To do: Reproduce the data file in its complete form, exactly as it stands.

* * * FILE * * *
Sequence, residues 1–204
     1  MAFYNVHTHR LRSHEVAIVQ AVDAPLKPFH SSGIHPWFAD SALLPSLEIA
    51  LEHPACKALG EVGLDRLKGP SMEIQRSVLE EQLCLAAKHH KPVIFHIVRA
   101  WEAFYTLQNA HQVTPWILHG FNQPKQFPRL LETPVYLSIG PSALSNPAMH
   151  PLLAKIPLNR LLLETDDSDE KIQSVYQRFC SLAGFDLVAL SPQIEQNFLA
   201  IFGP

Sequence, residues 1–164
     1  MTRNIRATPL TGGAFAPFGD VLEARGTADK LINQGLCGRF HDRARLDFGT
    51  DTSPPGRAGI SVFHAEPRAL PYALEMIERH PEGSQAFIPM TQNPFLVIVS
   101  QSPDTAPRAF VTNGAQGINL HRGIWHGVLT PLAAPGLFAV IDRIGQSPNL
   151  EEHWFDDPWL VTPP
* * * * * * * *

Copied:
Sequence, residues 1–204
     1  MAFYNVHTHR LRSHEVAIVQ AVDAPLKPFH SSGIHPWFAD SALLPSLEIA
    51  LEHPACKALG EVGLDRLKGP SMEIQRSVLE EQLCLAAKHH KPVIFHIVRA
   101  WEAFYTLQNA HQVTPWILHG FNQPKQFPRL LETPVYLSIG PSALSNPAMH
   151  PLLAKIPLNR LLLETDDSDE KIQSVYQRFC SLAGFDLVAL SPQIEQNFLA
   201  IFGP

Sequence, residues 1–164
     1  MTRNIRATPL TGGAFAPFGD VLEARGTADK LINQGLCGRF HDRARLDFGT
    51  DTSPPGRAGI SVFHAEPRAL PYALEMIERH PEGSQAFIPM TQNPFLVIVS
   101  QSPDTAPRAF VTNGAQGINL HRGIWHGVLT PLAAPGLFAV IDRIGQSPNL
   151  EEHWFDDPWL VTPP